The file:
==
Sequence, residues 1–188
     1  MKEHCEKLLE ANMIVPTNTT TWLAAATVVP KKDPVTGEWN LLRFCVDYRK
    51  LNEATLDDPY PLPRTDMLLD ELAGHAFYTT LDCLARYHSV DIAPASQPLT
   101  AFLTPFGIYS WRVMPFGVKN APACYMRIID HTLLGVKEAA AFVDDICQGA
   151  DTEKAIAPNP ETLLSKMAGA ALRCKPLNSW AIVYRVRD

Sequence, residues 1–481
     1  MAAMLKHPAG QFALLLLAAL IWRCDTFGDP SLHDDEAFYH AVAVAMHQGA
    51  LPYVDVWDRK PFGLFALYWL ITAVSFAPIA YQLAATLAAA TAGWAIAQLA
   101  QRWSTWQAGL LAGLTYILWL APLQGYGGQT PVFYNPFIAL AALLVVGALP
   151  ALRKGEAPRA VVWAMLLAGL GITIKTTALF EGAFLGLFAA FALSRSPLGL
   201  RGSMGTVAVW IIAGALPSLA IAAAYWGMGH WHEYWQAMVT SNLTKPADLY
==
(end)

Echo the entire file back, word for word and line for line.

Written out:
Sequence, residues 1–188
     1  MKEHCEKLLE ANMIVPTNTT TWLAAATVVP KKDPVTGEWN LLRFCVDYRK
    51  LNEATLDDPY PLPRTDMLLD ELAGHAFYTT LDCLARYHSV DIAPASQPLT
   101  AFLTPFGIYS WRVMPFGVKN APACYMRIID HTLLGVKEAA AFVDDICQGA
   151  DTEKAIAPNP ETLLSKMAGA ALRCKPLNSW AIVYRVRD

Sequence, residues 1–481
     1  MAAMLKHPAG QFALLLLAAL IWRCDTFGDP SLHDDEAFYH AVAVAMHQGA
    51  LPYVDVWDRK PFGLFALYWL ITAVSFAPIA YQLAATLAAA TAGWAIAQLA
   101  QRWSTWQAGL LAGLTYILWL APLQGYGGQT PVFYNPFIAL AALLVVGALP
   151  ALRKGEAPRA VVWAMLLAGL GITIKTTALF EGAFLGLFAA FALSRSPLGL
   201  RGSMGTVAVW IIAGALPSLA IAAAYWGMGH WHEYWQAMVT SNLTKPADLY